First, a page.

Downtown Raleigh | Gingerbread House Florist

Choosing your elopement or intimate wedding photographer is a high stakes game. Not only do we commonly represent one of the bigger budget categories, the results—the photographs themselves—transcend your celebration day, lasting long into the future and helping shape your memories of the moments your marriage began. The search itself can be overwhelming: there are so many of us—photographers, photographers everywhere! How can you navigate the wealth of North Carolina elopement photographers to find the one who’s right for you? Fear not, friends: read on for some tips and guidance to help you decide!

I Like-Like You

Above all else, you should like—nay, love!—a photographer’s work in order to hire them. Look through a photographer’s portfolio; better, peruse a full wedding or elopement gallery; best, explore a full gallery from an event similar to yours. (Why a full gallery? A portfolio showcases the Best of the Best, and you should be comfortable with the full scope of someone’s work, not just the highlight reel.) As you’re scrolling, imagine that you and your love are the couple in the images. If you love the photographer’s work, emotionally connect with it, and can imagine yourself into the photos, then everything else on this list is a secondary concern and that’s a good photographer for you to work with.

Downtown Hillsborough

Issa Vibe

While my feelings on the abiding wisdom that “you have to like your wedding photographer—you’re around them so much on your wedding day!” have morphed somewhat over the years (read: am increasingly introverted), this advice still rings very true for elopements and intimate weddings. The smaller your group, the more crucial your photographer’s vibe and the more noticeable a personality mismatch. Planning an introspective hike and spiritual mountaintop elopement? A bubbly hype-train of a photographer may not fit your vibe. Boisterous and rowdy immediate family comprising your microwedding guest list? A quiet wallflower photographer may struggle to wrangle them all. Swap the two, though? *chef’s kiss* That might be your sweet spot.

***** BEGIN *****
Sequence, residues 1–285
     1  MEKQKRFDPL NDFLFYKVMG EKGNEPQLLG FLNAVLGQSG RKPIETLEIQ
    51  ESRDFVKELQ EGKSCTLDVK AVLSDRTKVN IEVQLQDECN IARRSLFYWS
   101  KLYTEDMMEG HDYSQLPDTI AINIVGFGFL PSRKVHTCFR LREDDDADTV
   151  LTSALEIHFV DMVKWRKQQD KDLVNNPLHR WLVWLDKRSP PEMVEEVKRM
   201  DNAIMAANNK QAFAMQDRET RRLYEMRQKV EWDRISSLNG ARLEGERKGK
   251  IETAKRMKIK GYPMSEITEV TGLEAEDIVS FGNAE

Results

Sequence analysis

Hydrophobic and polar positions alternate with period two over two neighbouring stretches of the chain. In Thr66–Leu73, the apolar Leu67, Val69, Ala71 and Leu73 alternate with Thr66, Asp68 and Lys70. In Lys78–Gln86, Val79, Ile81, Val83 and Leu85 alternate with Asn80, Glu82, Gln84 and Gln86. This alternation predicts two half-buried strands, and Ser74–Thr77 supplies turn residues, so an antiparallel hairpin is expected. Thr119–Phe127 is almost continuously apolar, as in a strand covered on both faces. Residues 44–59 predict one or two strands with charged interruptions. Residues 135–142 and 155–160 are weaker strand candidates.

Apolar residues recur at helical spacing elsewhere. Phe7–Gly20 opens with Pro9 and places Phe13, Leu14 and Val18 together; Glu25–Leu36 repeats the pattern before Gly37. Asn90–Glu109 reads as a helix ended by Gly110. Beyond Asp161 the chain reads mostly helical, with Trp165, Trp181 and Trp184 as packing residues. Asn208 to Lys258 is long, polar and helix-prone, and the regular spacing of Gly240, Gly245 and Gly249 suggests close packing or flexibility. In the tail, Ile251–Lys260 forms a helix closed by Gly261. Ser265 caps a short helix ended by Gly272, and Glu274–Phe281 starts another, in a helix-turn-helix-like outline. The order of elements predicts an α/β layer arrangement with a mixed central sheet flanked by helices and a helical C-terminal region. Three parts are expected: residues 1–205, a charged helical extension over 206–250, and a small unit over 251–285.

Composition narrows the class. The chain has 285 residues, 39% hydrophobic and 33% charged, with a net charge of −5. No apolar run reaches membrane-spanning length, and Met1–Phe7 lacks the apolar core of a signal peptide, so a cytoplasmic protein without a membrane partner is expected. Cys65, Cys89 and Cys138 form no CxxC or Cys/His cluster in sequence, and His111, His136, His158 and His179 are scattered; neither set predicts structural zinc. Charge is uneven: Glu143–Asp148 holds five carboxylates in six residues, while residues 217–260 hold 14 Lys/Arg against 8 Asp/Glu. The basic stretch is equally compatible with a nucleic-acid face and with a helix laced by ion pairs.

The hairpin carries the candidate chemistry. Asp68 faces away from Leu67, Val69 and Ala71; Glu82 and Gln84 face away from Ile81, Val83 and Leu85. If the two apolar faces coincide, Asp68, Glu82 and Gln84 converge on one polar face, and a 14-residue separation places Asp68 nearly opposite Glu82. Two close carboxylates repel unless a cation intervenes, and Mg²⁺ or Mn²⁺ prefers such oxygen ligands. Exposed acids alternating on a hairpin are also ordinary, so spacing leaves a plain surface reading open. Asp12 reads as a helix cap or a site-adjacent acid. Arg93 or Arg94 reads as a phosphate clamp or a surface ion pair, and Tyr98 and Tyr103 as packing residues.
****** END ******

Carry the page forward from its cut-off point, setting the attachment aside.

Private residence, Greensboro | Pastor Torri, Tie the Knot with Torri

That Fire Style

As much as the photographer’s personality, their editing style will affect how you respond to their work. Having a handle on the style that speaks to you can help narrow your search significantly. There are, of course, shades between and beyond, but some styles you might commonly see include…

…true-to-life color. I’m a little biased towards this style as this is where we live, but photographers whose images sport true-to-life colors strive to represent your event as closely to your lived experience of it as possible—no interpretation of colors or light, just straight-up documentation. This category employs varying degrees of vibrance and saturation, but it all stays what might be called relatively “normal.”